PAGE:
The lifespan of the Moa and most features of its biology is a matter for speculation. However, large birds generally live a long time, perhaps 50 years or so, given the lack of predators. Moa were a typical example of a K-adapted species which exhibit a variety of traits, including small numbers of young, long gestation and lack of defensive or escape capability.
Moa may have been hunted to extinction within a century of human arrival to New Zealand. Moa made such easy prey that by AD 1200 the hunting of Moa alone provided food surpluses sufficient to provide for the settling of large villages up to 3 hectares. These villages were permanent coastal encampments from which bands would set out on several week hunts to slaughter and carry back Moa. Over 300 Moa butchering sites are known, 117 on South Island which together account for some 100,000-500,000 Moa. With such abundance came a good deal of waste: as much as 50% of usable weight was discarded in the field. At around the same time as hunting was at it peak, the forests of South Island were burned off. The extraordinary abundance of food resources supported a population of as many as 10,000 people. However, by the late 1400s the Moa hunting society collapsed. By about A.D. 1400 all moa are generally thought to have become extinct, along with the Haast's Eagle which had relied on them for food. Recent research using carbon-14 dating of middens strongly suggests that this took less than a hundred years
The kiwi were formerly regarded as the closest relatives of the moa, but comparisons of their DNA in a paper published in 2005 suggested moa were more closely related to the Australian emu and cassowary. However research published in 2010 found that the moa's closest cousins were not the emu and cassowary but smaller terrestrial South American birds called the tinamous which are able to fly.
The Dinornis seem to have had the most pronounced degree of sexual dimorphism, with females being up to 150% as tall and 280% as heavy as males. The females were so much bigger that they were classified as separate species until 2003.
Please find links to individual Moa species in the Taxonomy box, top right of this page. Links to each individual species are also available via the “bird gallery”, link at top of this page.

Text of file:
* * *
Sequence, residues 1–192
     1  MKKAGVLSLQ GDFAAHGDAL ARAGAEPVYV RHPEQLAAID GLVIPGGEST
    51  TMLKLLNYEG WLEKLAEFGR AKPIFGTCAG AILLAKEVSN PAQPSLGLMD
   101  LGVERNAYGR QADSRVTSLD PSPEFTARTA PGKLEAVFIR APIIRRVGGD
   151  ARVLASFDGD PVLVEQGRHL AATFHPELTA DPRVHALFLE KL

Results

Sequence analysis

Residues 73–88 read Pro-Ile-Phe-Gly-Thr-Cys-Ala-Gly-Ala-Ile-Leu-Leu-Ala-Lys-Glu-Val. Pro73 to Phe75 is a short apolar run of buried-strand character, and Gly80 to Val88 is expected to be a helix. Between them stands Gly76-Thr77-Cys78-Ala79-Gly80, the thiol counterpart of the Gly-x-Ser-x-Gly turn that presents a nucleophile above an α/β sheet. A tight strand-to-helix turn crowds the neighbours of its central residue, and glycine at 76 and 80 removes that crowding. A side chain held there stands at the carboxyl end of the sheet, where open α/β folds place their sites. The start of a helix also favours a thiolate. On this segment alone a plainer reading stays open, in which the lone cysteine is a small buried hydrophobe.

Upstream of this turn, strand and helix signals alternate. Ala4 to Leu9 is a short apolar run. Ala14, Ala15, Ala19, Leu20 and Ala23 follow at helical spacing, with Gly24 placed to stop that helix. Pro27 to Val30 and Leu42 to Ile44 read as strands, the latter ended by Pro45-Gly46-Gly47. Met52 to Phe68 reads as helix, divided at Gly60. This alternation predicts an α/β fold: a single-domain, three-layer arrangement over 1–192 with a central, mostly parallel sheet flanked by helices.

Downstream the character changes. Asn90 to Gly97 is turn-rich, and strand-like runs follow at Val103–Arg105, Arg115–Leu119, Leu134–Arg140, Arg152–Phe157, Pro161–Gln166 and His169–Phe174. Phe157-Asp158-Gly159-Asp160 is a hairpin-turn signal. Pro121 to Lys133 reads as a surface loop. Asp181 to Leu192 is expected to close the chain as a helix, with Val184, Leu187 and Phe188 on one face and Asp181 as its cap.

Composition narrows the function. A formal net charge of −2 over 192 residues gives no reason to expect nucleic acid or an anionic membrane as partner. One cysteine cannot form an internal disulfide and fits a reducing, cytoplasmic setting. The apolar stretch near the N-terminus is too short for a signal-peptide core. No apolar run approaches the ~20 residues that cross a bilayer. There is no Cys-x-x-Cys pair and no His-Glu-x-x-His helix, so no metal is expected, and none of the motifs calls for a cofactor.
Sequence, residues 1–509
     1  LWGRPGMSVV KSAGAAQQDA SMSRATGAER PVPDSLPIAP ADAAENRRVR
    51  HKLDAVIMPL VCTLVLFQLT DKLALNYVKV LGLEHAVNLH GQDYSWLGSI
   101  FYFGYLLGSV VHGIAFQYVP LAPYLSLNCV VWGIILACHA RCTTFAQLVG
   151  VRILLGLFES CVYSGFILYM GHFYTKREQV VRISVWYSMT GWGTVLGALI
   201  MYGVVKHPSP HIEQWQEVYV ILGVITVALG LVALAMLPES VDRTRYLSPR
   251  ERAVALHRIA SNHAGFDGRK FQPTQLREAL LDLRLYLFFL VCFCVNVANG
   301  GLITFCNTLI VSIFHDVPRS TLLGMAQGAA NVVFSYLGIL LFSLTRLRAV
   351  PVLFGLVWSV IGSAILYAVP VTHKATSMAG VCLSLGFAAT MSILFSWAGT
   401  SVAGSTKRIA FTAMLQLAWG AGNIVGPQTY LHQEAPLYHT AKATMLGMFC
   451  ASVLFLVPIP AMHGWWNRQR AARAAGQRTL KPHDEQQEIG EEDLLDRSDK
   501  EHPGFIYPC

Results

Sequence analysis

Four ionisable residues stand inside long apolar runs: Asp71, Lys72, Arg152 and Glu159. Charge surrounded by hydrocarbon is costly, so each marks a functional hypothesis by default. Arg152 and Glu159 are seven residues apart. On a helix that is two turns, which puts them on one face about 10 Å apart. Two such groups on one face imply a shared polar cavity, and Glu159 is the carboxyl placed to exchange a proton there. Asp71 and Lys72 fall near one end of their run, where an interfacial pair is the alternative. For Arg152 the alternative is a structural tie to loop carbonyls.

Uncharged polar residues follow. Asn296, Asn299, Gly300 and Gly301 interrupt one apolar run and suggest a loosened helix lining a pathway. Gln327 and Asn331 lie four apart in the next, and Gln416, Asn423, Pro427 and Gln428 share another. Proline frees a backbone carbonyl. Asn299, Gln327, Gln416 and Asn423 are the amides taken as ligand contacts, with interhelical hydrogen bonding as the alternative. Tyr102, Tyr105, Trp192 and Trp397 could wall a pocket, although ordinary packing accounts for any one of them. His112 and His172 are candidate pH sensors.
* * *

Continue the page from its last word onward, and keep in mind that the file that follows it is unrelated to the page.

|Anomalopteryx didiformis, Little bush Moa|
Megalapteryx didinus, Upland Moa
Pachyornis elephantopus, Heavy-footed Moa
Pachyornis australis, Crested Moa
Pachyornis geranoides Mantells Moa (was P. mappini, Mappin’s Moa)
|Emeus crassus, Eastern Moa|
Euryapteryx gravis (was E. geranoides), Stout-legged Moa
Euryapteryx curtus, Coastal Moa
|Dinornis novaezealandiae, North island giant Moa|
Dinornis robustus, South Island giant Moa
Other common names: —
Tenei, E tama! Te whakarongo ake nei ki te hau mai o te korero,
Na Tu-wahi-awa te manu-whakatau i mau mai i runga i a Tokomaru
Parea ake ki muri i a koe, he atua korero ahiahi.
Kotahi tonu, E tama! Te tiaki whenua, ko te kura-nui,
Te manu a Rua-kapanga, i tahuna e to tipuna, e Tamatea,
Ki te ahi tawhito, ki te ahi tipuna, ki te ahi na Mahuika,
Na Maui i whakaputa ki te ao;
Ka mate i whare huhi o Reporoa, te rere to momo
E tama - e - i!
Listen, my son, for I hear rumours spoken
That the manu-whakatau was brought here
By Tu-wahi-awa on the Tokomaru canoe.
Reject this story as an idle tale.
One guardian only, O son, had this land,
The Kura-nui, the bird of Rua-kapanga.
Destroyed by your ancestor, by Tamatea, with subterranean and supernatural fire,
The fire of Mahuika, brought to this world by Maui.
Thus were they driven to the swamps and perished;
Thus was the species lost, O son
— Transactions of the NZ Institute, Volume 48, 1916
Illustration description: —
Death of the Moa, Trevor Lloyd water colour 1925, Auckland Art Gallery
Chasing the Christmas Moa - a joyous old-time Maori event: Mesenger, Arthur Herbert, 1877-1962, New Zealand Free Lance, Christmas annual, 1918.
Worthy, Trevor H., & Holdaway, Richard N., The Lost World of the Moa, 2002.
Oliver, W.R.B. New Zealand Birds, 1955.
Transactions of the NZ Institute, Volume 46, 1914
Anderson, A. J., The Extinction of Moa in Southern New Zealand, 1984.
The Natural History Museum, London,
Darwin Centre Live:
A Short History of the World’s Tallest Birds
Page date & version: —
Saturday, 5 November, 2011; ver2009v1